At my door the leaves are falling
A cold wild wind has come
Sweethearts walk by together
And I still miss someone. — Johnny Cash, "I Still Miss Someone"
Looking out the window from my vantage point in the office, the bright, cloudless, sunny morning belied the below average temperature the wind was forcing. It was a typical Saturday, jam packed with things to do, work to be done, several hundred miles of pavement to tick off on the way to each event.
None of this mattered to me. One of my favorite events, cattle-branding, was on my list of things to do today and I was anxious, excited, and wishing I had more time, always wishing I had more time.
I stepped outside, and the wind and chill cut through the light shirt I’d decided upon. I ran back into the house grabbed a jacket, advised my son to do the same, and off we went.
Everywhere I’ve lived, everywhere I’ve gone, one thing has always stuck with me at each place I’ve called home for a spell, and as I left the barbed-wire corrals of the Gross-Wilkinson Ranch heading a hundred miles up the road, I realized this too would someday be something I would miss and forever associate with my time in Wyoming.
I miss laying across my motorcycle, parked on the piers of San Francisco, the lazy stars almost obscured by the ever present fog but demanding to be seen by anyone who would take the time, pushing through the fog, announcing their presence.
The absolute insanity of Times Square on a weekend summer afternoon. Belligerent natives glaring at the obvious tourists snapping pictures of this and that, asking for directions to Broadway. “Down the street a couple blocks, you can’t miss it” was almost always the response in a near snarl.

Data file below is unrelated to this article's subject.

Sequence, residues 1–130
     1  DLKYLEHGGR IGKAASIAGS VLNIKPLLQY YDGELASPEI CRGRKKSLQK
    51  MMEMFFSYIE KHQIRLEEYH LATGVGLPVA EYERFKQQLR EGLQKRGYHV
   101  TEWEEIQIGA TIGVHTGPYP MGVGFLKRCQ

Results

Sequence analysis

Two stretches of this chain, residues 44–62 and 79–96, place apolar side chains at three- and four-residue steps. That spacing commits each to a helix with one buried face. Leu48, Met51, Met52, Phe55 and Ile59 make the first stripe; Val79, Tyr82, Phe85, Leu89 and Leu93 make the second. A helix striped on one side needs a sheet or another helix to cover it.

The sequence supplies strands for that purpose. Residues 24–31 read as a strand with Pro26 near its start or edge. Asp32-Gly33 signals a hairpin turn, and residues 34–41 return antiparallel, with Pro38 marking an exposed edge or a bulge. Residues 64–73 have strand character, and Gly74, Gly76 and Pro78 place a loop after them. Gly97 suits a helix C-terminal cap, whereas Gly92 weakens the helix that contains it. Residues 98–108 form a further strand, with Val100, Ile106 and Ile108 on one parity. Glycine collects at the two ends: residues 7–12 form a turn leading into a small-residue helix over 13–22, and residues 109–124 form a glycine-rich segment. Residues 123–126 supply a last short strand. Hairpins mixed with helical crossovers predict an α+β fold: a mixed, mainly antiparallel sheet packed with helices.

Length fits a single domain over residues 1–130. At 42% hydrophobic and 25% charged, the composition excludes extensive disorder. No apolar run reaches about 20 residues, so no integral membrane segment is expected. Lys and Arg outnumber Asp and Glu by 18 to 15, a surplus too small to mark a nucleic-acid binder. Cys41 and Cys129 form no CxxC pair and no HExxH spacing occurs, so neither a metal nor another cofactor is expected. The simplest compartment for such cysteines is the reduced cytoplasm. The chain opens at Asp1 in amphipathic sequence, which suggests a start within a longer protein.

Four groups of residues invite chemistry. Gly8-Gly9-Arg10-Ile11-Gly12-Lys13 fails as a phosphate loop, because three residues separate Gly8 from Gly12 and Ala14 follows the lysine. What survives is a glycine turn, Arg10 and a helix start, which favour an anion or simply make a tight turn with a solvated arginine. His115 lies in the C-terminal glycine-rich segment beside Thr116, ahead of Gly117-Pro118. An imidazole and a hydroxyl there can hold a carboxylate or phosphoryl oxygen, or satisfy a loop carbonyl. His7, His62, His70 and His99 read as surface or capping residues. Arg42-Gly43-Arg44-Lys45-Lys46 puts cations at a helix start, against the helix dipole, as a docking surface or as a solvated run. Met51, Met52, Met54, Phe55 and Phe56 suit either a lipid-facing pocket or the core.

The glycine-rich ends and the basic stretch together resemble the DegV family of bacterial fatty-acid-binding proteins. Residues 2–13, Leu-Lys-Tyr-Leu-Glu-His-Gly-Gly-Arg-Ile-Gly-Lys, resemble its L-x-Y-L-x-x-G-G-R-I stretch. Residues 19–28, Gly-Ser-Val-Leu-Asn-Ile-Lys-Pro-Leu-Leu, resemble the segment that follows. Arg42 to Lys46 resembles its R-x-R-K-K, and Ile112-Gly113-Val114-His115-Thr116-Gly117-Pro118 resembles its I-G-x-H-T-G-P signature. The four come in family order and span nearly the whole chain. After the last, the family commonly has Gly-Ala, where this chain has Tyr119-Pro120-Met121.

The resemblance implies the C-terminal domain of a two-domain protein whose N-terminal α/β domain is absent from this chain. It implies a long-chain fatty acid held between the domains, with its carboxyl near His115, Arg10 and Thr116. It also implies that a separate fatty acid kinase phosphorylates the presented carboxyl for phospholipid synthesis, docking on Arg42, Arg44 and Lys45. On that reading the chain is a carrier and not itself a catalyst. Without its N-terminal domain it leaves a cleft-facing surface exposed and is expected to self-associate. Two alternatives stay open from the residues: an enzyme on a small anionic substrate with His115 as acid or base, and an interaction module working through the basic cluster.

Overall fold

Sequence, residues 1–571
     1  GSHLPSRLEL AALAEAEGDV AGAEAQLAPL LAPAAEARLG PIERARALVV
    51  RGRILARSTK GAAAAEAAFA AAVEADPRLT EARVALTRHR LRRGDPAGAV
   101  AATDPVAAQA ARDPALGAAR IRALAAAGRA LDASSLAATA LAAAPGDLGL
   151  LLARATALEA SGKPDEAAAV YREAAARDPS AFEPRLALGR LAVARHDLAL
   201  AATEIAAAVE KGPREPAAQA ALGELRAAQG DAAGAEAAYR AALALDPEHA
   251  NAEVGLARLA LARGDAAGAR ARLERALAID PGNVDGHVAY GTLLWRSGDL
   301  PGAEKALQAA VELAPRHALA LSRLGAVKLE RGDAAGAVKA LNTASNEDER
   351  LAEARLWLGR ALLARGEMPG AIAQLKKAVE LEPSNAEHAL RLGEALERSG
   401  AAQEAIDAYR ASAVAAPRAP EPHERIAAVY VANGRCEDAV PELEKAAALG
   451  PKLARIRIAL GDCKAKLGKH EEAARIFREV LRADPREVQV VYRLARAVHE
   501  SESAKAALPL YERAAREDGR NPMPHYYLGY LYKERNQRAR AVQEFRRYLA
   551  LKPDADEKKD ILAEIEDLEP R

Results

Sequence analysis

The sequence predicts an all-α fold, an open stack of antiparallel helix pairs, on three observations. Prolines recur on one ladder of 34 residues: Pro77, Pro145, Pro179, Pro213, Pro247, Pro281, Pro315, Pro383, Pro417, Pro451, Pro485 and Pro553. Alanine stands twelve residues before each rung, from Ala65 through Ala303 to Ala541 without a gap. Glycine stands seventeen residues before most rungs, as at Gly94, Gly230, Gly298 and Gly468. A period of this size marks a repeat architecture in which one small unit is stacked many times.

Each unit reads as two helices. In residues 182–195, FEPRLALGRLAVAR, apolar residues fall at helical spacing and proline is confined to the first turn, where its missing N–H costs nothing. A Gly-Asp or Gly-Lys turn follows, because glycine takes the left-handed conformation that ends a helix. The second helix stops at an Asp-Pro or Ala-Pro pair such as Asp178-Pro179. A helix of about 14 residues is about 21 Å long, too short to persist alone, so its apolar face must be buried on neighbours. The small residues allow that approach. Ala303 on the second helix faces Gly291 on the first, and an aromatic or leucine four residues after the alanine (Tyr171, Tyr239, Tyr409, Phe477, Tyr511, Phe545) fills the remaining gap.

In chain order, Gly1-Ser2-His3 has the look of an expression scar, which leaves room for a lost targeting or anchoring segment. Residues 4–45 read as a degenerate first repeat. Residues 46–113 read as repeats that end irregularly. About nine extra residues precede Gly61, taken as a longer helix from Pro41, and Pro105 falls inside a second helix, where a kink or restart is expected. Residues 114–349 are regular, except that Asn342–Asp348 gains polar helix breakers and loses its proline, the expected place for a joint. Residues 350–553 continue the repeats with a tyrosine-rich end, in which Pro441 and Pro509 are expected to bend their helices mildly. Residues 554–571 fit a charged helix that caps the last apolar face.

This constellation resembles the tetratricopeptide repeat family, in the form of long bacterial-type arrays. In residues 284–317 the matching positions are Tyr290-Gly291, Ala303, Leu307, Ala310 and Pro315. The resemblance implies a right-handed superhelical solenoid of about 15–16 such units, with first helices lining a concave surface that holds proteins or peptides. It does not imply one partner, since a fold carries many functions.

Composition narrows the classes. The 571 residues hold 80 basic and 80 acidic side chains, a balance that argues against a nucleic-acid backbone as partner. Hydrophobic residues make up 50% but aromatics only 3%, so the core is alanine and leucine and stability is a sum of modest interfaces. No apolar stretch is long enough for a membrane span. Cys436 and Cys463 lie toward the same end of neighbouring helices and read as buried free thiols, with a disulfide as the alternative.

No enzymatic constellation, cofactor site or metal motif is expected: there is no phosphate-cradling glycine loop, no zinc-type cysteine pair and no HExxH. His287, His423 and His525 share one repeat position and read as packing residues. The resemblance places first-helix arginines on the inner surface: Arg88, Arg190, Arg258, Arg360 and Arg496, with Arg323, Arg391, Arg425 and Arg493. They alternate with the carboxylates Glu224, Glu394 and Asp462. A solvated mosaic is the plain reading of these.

The oppressive humidity of North Carolina deep in the dog days throes of a summer night. The humidity suffused nearly everything as it slowed all things down — your movements, your thought processes. I may be wrong, but I often think the southern drawl has its roots in the humidity. Both are a bit slow on the delivery, a bit deliberate and laced with a politeness that could shred you to pieces if you didn’t know which signs to look out for — isn’t that nice?
And the people, everywhere the people. The outrageously colorful personalities that peacock-ed the landscape of the Haight-Ashbury, forming a witch's brew of personalities, to the group of musicians struggling to find their way, locked in the poverty-stricken row houses of Baltimore. The smartly dressed friend who everyday put on a necktie, walked the two blocks from our apartment in Jersey City, down to the PATH station where he would go hurdling towards NYC, under the Hudson River to be delivered to his job at the World Trade Center. The wise and wizened old dwarf of a sergeant who always had the proper dose of gravitas to any situation but would suddenly flip with a well-placed bit of dry humor wit to lighten the mood – even at 40-something, Dan was wise beyond his years.
Some I loved and are still with me, others I loved intensely for a short period only to lose them in a sea of moves, email address changes or new cell phone – and technology was supposed to make staying in contact easier! Others still I loved but the love hurt so much as to force a permanent break. A few are still here, every day, as close to my heart as to reach out and touch them.
It's something of a strange feeling knowing that a very particular amalgamation of sights, smells, and sounds are burning themselves into your permanent memory even as they continue to unfold right before your eyes. Those images forever are part of what informs you, guides your decisions, and adds to the diorama viewable only by your mind’s eye. Much like the mark now emblazoned on those some 224 calves branded that day, that mark is now forever there for the world to see.
Cowboys working for the Gross-Wilkinson ranch bring cattle in from pasture.